The primary locations for these trials are in Bessie, Fort Supply and Haskell, Oklahoma.  Additional studies have also been conducted in Lenapah, Oklahoma and Batesville, Arkansas.  For the sake of today’s discussion, we’ll focus on the three primary research sites.

Give And Take

According to Turner, cattle fed 2 pounds per head per day on grass had higher average daily gain, had better conversion rates, finished heavier and had a higher percent Choice than cattle fed at higher rates (i.e., 4-6 pounds per head per day). Those cattle fed 4 pounds or more per head per day on grass tended to finish quicker at lower payweights with more yield grade 4s.

As for cattle not fed on grass, some treatment groups showed moderate compensatory gain in the feedyard, but all control groups were on feed longer with lighter payweights. They had lower in-weights, required more days on feed to finish and had similar or lower average daily gains compared to fed cattle.

“There’s always a give and take in the feedyard,” Turner said. “If you feed them longer, your feed conversion is going to get worse, but the grid premium could get better. What we’re doing with this cube is making these cattle more predictable by setting them up for optimum gain and conversion which leads to optimum grid performance.”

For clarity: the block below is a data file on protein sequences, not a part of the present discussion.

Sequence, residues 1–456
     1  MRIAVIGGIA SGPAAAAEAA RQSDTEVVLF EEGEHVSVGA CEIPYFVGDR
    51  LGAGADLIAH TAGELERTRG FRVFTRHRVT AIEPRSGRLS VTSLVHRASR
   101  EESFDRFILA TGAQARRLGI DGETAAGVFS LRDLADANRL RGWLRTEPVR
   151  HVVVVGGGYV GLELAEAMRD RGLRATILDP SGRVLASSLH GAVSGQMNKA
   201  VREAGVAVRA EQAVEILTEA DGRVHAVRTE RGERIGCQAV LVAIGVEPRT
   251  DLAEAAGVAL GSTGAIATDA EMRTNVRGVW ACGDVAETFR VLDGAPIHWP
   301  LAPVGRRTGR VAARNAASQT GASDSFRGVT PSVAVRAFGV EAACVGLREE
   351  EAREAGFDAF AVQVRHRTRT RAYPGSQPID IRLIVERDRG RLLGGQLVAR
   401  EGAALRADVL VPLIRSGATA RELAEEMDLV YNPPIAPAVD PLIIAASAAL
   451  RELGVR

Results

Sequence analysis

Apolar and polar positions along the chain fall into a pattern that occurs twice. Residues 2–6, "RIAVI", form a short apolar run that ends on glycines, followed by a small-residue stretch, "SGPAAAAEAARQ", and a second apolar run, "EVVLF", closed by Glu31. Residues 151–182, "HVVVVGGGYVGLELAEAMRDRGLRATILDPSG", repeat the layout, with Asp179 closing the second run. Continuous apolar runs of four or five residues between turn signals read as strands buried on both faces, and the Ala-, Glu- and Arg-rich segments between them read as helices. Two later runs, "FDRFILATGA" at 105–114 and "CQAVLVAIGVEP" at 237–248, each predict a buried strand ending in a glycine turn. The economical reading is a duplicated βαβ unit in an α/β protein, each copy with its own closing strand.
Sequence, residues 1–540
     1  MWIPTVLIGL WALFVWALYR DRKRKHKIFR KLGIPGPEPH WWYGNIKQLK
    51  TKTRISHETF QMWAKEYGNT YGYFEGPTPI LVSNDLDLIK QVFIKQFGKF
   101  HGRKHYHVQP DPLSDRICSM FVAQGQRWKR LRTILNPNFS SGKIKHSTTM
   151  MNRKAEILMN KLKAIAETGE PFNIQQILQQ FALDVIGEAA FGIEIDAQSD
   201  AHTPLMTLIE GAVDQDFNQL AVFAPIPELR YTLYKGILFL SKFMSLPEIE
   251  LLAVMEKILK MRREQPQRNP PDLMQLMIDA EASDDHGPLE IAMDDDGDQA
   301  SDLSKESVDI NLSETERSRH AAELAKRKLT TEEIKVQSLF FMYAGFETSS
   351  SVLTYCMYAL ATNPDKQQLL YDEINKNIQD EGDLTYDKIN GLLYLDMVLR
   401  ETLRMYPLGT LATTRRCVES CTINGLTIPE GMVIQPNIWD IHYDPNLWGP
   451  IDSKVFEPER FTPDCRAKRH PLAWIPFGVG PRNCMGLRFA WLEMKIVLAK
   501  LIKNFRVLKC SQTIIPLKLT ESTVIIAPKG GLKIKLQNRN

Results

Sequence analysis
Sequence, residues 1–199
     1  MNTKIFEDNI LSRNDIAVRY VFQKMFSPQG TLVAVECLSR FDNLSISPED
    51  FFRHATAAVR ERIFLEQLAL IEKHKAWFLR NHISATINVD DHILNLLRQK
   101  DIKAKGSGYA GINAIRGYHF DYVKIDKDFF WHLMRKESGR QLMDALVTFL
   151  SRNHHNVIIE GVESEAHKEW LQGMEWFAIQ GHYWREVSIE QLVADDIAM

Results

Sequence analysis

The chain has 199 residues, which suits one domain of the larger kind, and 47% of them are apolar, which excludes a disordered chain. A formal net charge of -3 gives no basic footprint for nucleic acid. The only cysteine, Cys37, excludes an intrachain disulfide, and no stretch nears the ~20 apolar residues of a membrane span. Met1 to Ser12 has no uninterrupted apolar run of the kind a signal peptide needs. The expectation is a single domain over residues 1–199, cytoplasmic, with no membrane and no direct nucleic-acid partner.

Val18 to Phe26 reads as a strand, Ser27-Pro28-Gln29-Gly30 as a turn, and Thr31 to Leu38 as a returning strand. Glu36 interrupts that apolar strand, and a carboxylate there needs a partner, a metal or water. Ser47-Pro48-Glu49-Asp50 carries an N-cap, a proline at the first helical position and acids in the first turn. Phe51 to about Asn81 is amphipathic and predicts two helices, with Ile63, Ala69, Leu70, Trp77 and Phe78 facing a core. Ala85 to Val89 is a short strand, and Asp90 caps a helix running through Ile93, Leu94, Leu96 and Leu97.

Trial 1 – Bessie, Oklahoma

The 2021 grazing trial at Bessie was a new design testing supplementation rate through the summer. Three treatment groups included an unsupplemented control, a low supplement rate at 2 lbs. per head per day and a high supplement rate at 4 lbs. per head per day.

The low supplementation cattle gained 0.67 lbs. per head more on average than the control, while the higher supplementation cattle gained an additional 0.92 over the control.

After factoring in all input costs including cattle purchase, pasture rent, processing, mineral and feed, cost of gains for the control, low supplement and high supplement groups were $0.73, $0.70 and $0.82 respectively.  An estimated breakeven price per pound was calculated for each group with the control group at $1.46, low supplement at $1.36 and high supplement at $1.37.

This data shows the potential value to be added for producers who invest in a distillers cube summer feed program.  At 2 lbs. per head per day, the additional gain was able to reduce the breakeven price, regardless of the added feed cost per head.

Preliminary feedlot data has been collected on the Bessie cattle at time of reimplant.  Fed cattle went into the feedlot weighing 100+ lbs. more than the control cattle. After 90 days on feed, the heavier fed cattle are maintaining a higher average daily gain than the lighter cattle with roughly the same feed conversion rate.

Trial 2 – Haskell, Oklahoma